"The title to the lease is, during the subsistence of the charge dated ….. in favour of ….. affecting the landlord’s title (and to the extent permitted by law, any charge replacing or varying this charge or any further charge in respect of all or part of the sum secured by this charge), subject to any rights that may have arisen by reason of the absence of chargee’s consent, unless the lease is authorised by section 99 of the Law of Property Act 1925."
This entry will not be made if a copy of the mortgage deed is lodged together with confirmation that the granting of the lease was permitted by the terms of the mortgage (by referring to the relevant clause in the deed) and that the mortgagee’s consent was not required.
In other cases the power of the lessor to grant the lease cannot be questioned on account of the existence of a mortgage on its title.
Application to give effect to the deemed surrender of the existing lease
The form of this application will depend on whether the existing lease is registered, whether the surrendered lease is noted on any reversionary title, and whether the application is under the 1967 Act or the 1993 Act.
If the applicant’s existing leasehold title is registered, application should be made to give effect to the surrender of the existing lease by closing that title. If the applicant’s leasehold title is not registered but notice of it is entered on any reversionary title, you must make an application for the cancellation of the notice.
Even if the surrendered lease is neither registered nor noted on any reversionary title, it is still necessary for the surrendered lease and the applicant’s title to it to be lodged, together with a current Land Charges Department search. Any mortgages affecting the lease should also be lodged.
Any mortgagees of the applicant’s existing lease should be contacted prior to completion of the new lease and the necessary arrangements made.
Any other interest affecting the existing lease should also be carefully considered.
If it is protected in the register of the existing lease but does not affect the new lease, lodge an application for the withdrawal of the restriction, or notice of deposit or intended deposit, or the cancellation of the notice. If it, or a corresponding interest, affects the new lease, an application to protect it by means of a suitable entry in the register should be included in, or accompany, the application to register the new lease.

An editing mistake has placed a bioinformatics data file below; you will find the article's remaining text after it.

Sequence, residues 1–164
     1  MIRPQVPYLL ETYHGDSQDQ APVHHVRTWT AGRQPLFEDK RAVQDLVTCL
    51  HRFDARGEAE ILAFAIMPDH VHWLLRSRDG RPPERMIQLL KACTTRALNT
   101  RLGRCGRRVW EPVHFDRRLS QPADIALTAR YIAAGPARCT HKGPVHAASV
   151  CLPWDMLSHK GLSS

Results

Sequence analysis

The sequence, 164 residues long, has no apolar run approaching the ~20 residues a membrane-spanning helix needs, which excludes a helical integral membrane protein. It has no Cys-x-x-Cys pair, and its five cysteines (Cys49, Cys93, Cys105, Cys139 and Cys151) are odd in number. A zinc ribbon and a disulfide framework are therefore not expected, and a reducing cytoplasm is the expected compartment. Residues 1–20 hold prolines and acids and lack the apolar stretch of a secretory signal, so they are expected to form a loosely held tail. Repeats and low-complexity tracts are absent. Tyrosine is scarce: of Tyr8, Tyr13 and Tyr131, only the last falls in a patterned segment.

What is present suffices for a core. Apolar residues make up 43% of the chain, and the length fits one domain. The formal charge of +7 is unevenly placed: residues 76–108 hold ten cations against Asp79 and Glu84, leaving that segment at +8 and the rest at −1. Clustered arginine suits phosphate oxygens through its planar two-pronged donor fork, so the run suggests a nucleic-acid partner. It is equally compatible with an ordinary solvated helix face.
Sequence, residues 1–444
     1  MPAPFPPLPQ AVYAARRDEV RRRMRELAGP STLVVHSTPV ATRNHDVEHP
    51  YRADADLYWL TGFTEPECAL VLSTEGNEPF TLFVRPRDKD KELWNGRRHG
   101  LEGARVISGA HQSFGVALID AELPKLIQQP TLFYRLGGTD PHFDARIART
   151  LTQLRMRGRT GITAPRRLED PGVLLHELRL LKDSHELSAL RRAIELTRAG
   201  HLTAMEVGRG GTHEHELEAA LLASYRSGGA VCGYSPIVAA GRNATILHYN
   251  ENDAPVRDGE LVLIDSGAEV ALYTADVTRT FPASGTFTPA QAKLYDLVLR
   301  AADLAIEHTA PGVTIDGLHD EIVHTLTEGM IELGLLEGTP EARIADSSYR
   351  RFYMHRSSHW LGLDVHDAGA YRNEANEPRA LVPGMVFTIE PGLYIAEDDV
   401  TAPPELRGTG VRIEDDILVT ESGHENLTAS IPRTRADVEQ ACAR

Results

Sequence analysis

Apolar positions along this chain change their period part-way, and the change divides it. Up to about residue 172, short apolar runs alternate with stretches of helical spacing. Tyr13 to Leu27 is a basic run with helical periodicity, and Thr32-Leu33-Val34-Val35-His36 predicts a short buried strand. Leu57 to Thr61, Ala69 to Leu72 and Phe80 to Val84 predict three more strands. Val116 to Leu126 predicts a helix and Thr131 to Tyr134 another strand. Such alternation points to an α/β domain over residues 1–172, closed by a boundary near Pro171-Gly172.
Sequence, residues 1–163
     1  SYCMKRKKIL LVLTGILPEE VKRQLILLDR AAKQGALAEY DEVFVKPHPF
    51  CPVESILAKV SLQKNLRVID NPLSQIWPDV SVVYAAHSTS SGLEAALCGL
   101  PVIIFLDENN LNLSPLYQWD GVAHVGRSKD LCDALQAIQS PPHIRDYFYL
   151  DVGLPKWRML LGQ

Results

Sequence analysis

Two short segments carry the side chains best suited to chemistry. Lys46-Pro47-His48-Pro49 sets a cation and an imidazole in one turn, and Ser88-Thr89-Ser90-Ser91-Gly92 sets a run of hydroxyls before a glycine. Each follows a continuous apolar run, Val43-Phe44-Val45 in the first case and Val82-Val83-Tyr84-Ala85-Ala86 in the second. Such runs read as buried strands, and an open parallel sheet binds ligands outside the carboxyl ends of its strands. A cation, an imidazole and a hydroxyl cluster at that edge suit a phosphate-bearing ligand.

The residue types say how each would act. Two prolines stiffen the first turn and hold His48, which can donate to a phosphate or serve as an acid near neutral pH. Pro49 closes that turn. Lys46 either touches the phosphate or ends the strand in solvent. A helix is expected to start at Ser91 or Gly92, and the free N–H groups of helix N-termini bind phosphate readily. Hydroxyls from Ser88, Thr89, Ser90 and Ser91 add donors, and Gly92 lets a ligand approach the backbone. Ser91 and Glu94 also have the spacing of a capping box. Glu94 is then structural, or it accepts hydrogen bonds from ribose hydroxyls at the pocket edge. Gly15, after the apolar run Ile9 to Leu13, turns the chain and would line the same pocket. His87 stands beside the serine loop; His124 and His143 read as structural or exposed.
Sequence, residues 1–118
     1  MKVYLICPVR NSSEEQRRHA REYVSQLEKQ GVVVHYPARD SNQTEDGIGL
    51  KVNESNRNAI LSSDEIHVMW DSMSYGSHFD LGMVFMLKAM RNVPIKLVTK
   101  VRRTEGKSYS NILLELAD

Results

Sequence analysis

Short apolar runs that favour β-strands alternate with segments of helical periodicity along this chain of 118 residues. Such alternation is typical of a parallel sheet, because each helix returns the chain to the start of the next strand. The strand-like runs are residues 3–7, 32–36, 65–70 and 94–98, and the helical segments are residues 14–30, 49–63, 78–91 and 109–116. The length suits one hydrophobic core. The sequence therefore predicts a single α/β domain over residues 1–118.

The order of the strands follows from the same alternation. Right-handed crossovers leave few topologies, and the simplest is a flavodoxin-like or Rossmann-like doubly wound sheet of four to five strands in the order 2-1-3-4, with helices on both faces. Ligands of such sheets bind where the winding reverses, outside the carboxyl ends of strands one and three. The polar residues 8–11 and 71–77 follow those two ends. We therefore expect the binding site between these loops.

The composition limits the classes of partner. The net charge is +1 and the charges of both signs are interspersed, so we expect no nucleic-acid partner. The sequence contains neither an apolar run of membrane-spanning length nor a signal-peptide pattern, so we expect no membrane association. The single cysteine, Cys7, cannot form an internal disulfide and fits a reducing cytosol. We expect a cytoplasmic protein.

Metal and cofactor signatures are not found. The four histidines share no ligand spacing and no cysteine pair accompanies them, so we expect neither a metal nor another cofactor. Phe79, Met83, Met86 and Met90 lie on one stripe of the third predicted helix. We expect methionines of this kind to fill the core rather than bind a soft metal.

Closure of existing leasehold title
Make the application to close the applicant’s existing title on form AP1 and describe the application in panel 4 as ‘Closure of leasehold title’. The original lease should accompany the application.
Cancellation of notice of existing lease on reversionary title (when existing lease is unregistered)
Make the application in form CN1. The surrendered lease and the applicant’s title to it should be lodged, together with a current Land Charges Department search. Any mortgages affecting the lease should also be lodged.
Arrangements with mortgagees
Where the new lease is being granted under the 1993 Act, any charges on the surrendered lease will transfer automatically. The applicant should apply for registration of the charge in panels 4 and 10 of form AP1 or panels 5 and 10 of form FR1, the form used depending on whether the reversioner’s title is registered. It is only necessary to arrange for the charge to be lodged if the surrendered lease is unregistered. If the charge is to be protected by notice only, and the reversioner’s title is registered, you should complete either form AN1 or UN1, as appropriate.